During these past 5 months of the fellowship, there have been times when situations were challenging, adaptability was tough and people were just impossible to handle. All this, I was prepared to handle and was expecting to come across. But I did not expect that situations would petrify me to such an extent that I would not be able to {function normally for some time afterwards}. These situations have led me to compare India Fellow (IF) with Fear Factor (FF) (where I am the only contestant). No, I do not perform any stunts here, but some of these situations, as normal as they seem, scare me.

As our project involved extensive traveling, I had to travel to all the six districts in Rajasthan in which my organisation works, in the first few months. These being the most backward districts of India (and Rajasthan) showed me a different dimension of this princely state. Rajasthan always brought an image of welcoming people and colourful customs, highlighting the tradition of “Padharo Mhare Des”. But a few trips to the market at 7 PM in the “night” changed this whole perception. I remember walking on a deserted road at 6:30 with Rakshita, my co-fellow in a new district, where the only thing to guide us was the light from the passing vehicles’ headlights. Men were sitting in groups at different corners and in galis, leering, passing comments. I still can’t forget how relieved I was when I reached back safe to the guest house at 7. Once inside, I shut all windows and doors and sat in my room thinking what if I didn’t reach back safely.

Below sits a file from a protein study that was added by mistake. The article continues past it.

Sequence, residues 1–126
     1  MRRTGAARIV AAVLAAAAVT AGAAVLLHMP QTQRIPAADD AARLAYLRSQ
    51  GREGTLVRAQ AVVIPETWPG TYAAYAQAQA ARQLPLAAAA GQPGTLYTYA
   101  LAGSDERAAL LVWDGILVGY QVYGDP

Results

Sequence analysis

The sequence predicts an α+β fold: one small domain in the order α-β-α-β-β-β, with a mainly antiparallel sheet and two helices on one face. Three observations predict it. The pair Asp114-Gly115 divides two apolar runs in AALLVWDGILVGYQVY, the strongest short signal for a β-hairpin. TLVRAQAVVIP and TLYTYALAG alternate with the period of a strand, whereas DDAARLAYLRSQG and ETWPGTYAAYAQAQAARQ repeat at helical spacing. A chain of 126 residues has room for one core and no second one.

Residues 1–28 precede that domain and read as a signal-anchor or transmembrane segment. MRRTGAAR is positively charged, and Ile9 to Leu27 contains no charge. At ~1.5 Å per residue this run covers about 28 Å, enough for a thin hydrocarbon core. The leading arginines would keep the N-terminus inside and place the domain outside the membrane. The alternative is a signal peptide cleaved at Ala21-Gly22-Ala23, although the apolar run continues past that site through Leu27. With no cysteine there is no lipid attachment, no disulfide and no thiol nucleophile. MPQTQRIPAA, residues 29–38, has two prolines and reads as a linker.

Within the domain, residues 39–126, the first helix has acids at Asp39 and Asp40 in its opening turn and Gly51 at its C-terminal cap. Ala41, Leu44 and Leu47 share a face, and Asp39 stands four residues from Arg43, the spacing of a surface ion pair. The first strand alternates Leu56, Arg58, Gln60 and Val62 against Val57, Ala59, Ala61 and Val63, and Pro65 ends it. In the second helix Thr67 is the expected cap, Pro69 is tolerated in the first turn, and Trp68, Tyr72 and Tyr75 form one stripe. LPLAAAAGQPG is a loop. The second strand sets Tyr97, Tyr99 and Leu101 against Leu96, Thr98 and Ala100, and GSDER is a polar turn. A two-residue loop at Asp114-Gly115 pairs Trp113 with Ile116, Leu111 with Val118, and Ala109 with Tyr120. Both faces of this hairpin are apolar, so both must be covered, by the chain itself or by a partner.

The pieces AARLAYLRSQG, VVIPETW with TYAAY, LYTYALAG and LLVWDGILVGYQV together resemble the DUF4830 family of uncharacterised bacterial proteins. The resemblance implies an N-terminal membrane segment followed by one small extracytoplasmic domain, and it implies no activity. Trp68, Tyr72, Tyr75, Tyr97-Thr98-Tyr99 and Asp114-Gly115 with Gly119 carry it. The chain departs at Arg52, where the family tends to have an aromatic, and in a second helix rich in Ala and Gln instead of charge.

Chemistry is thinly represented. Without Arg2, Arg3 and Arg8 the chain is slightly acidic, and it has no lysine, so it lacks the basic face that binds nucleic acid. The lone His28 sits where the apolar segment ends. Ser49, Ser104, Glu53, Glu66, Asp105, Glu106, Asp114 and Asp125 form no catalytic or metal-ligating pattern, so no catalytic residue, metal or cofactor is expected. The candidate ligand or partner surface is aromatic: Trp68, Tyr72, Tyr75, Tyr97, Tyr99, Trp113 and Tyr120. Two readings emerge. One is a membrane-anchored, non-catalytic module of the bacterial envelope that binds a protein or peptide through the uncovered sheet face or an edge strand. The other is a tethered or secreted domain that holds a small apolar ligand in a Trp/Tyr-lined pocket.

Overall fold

In the India Fellow interview, I was asked about the one change I would like to see in myself after this one year. My answer was – “I am scared and am not comfortable with change. I’d like to be able to not only accept it, but embrace it.” If I can describe these past five months in one word, then it’ll be – UNCERTAIN. Not knowing in which district I’ll be the next morning or whether I’ll get to stay peacefully in my room, this entire journey has been uncertain. But what’s interesting is my reaction towards this uncertainty. I agree I haven’t been able to embrace it yet, but at least I have started to accept and make my peace with it.

During one of my daily “deep-conversations” with Rakshita, I realised how each of us would have changed after this one year. This led me to ponder how things would change when I come back home. My parents’ routine would’ve changed in my absence. I would’ve changed after this year long journey. I don’t know if it’ll be different to get back to my normal routine. I hope I’ll be able to overcome some of my fears by the end of the fellowship and embrace change, as I had hoped to.


2 thoughts on “IF ~ FF

  1. Hmmm…you might want to consider Swaraj University after the fellowship if that’s your goal. I’m sure you’ve already been introduced to Manish Jain during the induction. I had a similar experience when I first joined MKSS (also in rural Rajasthan). While I won’t say the experience was particularly scary per se, the discomfort was….well, discomfiting. Anyway, best wishes for the remaining 6 months. 🙂


  2. Any thing new ( situation) causes fear, once you start understanding situation, you will create counter measures to adapt. This skill to adapt is one of the benefits of the program….


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